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A 6-6 record is just what we do: Six takeaways from Pitt's football season - The Pitt News

The Pitt News

A 6-6 record is just what we do: Six takeaways from Pitt’s football season

By Alex Wise / Staff Writer

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College football’s regular season is over and — for the fourth time in as many years — Pitt finished the season with an even .500 record. On the bright side, the Panthers showed promise and can now rely on a quarterback with a year of experience and an arsenal of weapons at his disposal. On the downside, we lost to Akron — and LeBron didn’t even play.

But calling the 2014 season “average” or “an underachievement” would be an insult to the style with which Pitt reached its level of mediocrity. So, to prove Pitt’s season was anything but ordinary, here are my season takeaways. There’s one for each win – or, for the “glass half empty” people, one for each loss.

Pitt and Duke Have Established an Annual Shootout

Two hundred twelve. That’s the number of points for which Pitt and Duke have combined during their meetings this year and last. Three points decided both games, with last year’s game landing in Pitt’s favor and this year’s in Duke’s. I think this calls for a clever nickname for the matchup, and, since I’m not clever enough to think of one, I’ll leave it to the public to get creative. My only stipulation is that the name must in some way reference the Big 12 Conference, because the Big 12 is the only place where averaging more than 100 combined points is acceptable.

The Chain of Beats Doesn’t Work

Five. That’s the minimum number of times you’ve tried using the “Chain of Beats” to make Pitt seem better than it is. If you’re not familiar with the Chain of Beats, that’s probably because I just made the name up. Here’s an example: Pitt beat Boston College, and then Boston College beat USC, so Pitt must be better than USC. Made-up studies reveal that fans’ hopes increase by 50 percent when the Chain of Beats is implemented, but these hopes are fictitious creations meant to torture the mind.

For a better example, Pitt beat Virginia Tech after Virginia Tech beat Ohio State, so Pitt must be better than Ohio State. There are two reasons this is illogical. First, it just is. Second …

Pitt Just Can’t Handle Ohio

One. That’s the number of times Pitt has beaten a team from Ohio in my four years at Pitt. That’s one win in five opportunities (six, if you count the Chain of Beats matchup with Ohio State as an opportunity). The only win? Bowling Green in the 2013 Little Caesars Pizza Bowl. Losses came after facing Cincinnati (twice), Youngstown State (come on) and, most recently, Akron. By the grace of God we’ve managed to evade Toledo and Kent State, two opponents bound by the laws of history to beat Pitt. Unless something turns around soon, our only good memories involving Ohio will be figments of our imagination implanted by the Chain of Beats.

Pitt’s Games vs. Georgia Tech Should Be Shortened By Five Minutes

Fifty. That’s the number of times I shook my head in disgust and “gave up watching” Pitt’s game against Georgia Tech, only to be sucked back in by another fumble or Yellow Jacket touchdown or referee getting stiff-armed by a running back. I truly believe that the beginning of the GT game was the worst five minutes of football I’ve ever witnessed in my 21 years, which is saying something, because I’ve watched a lot of Big Ten football.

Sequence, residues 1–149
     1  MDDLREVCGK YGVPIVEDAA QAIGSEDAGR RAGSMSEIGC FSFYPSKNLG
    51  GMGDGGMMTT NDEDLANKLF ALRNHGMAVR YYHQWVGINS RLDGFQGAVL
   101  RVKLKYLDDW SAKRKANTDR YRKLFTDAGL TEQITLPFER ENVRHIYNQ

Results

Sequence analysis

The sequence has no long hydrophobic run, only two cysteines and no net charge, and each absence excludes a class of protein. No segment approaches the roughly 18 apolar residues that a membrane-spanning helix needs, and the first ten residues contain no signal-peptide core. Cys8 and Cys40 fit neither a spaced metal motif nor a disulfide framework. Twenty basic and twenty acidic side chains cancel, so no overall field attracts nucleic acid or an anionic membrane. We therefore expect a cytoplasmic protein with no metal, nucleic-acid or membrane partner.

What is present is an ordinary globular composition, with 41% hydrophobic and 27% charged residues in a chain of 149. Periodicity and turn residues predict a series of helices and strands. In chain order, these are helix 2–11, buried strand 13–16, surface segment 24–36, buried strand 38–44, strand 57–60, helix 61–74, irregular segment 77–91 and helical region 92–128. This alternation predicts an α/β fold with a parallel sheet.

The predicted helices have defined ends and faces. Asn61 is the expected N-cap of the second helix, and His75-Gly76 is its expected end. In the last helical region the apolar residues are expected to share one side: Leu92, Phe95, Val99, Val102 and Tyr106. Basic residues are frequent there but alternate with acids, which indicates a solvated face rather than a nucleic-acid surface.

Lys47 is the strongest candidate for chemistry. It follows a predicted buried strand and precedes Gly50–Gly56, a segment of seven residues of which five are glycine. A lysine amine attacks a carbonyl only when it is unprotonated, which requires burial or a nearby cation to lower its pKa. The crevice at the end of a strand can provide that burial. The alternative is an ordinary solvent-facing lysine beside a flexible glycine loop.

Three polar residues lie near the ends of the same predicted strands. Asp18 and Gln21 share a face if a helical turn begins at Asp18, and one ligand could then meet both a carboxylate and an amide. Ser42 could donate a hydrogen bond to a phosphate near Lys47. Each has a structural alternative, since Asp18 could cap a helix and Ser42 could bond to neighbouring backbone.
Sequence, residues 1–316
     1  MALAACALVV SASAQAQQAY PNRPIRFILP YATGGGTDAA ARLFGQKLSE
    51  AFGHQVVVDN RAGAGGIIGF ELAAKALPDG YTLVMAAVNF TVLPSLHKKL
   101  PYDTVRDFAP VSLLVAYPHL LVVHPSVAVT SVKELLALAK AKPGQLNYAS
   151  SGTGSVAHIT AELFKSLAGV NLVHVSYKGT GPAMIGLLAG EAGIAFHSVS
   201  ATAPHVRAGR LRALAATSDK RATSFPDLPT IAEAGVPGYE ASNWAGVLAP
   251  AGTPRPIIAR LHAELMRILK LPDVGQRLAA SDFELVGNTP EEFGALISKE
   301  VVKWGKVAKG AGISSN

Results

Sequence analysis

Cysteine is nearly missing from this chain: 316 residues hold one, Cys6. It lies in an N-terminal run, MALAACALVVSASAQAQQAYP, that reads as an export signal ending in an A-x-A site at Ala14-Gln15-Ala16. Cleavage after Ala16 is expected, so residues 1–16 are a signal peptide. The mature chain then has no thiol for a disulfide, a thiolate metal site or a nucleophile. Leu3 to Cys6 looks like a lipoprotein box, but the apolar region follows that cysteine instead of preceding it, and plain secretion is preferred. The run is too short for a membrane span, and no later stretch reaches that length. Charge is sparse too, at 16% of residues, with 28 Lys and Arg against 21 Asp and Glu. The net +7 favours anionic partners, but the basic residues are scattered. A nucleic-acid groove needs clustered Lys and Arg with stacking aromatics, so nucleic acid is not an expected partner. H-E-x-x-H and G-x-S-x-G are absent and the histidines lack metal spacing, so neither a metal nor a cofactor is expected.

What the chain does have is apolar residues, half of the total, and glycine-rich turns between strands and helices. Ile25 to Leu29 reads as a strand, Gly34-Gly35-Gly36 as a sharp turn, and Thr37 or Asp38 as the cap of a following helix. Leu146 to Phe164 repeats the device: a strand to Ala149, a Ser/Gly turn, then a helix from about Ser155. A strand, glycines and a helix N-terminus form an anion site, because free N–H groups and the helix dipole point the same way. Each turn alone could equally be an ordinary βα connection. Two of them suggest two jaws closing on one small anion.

On the plus side, however, the remaining 55 minutes of that game were competitive and enjoyable. Therefore, my proposal is this: each time Pitt and Georgia Tech play, the game starts at 0-0 with 10 minutes on the clock. The first five minutes of the game, by rule, don’t exist.

Rushel Shell: Gone and Yes Forgotten

Zero. That’s how much fairness opposing defenses possess when trying to stop James Conner. He’s a massive downhill runner with abnormal strength, which led to him accumulating nearly 1,700 yards and 24 touchdowns this season. At one point during his 263-yard performance against Duke, I was completely convinced that Conner morphed into a rhinoceros and stampeded 11 (this is where the African safari analogy breaks down, because I don’t actually know what rhinoceros stampede over) Blue Devils. Thank the heavens Conner has at least one more year in a Pitt uniform, because he’s the glue of this team.

Chad Voytik Will Be Fine

Two thousand eleven. That’s the number of passing yards that first-year quarterback Chad Voytik threw for. While his stats aren’t through the roof, Voytik showed glimpses of brilliance. While there are a number of things that need improvement, such as his Tyler Boyd Tunnel Vision (patent denied), we all have to admit that we didn’t see his running ability coming. After all, he isn’t exactly built like a track star, but he runs with confidence, power and surprising pace. I don’t want to sound too optimistic, but I think we might have something working here!

As a bonus, Pitt is being rewarded for its 6-6 season with a bowl game. So cozy up to the television with a few Busch Lights, grab a few more Busch Lights when you finished the original few, say a prayer that @FauxPelini lives on, and, as always, never stop hailing.

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A 6-6 record is just what we do: Six takeaways from Pitt’s football season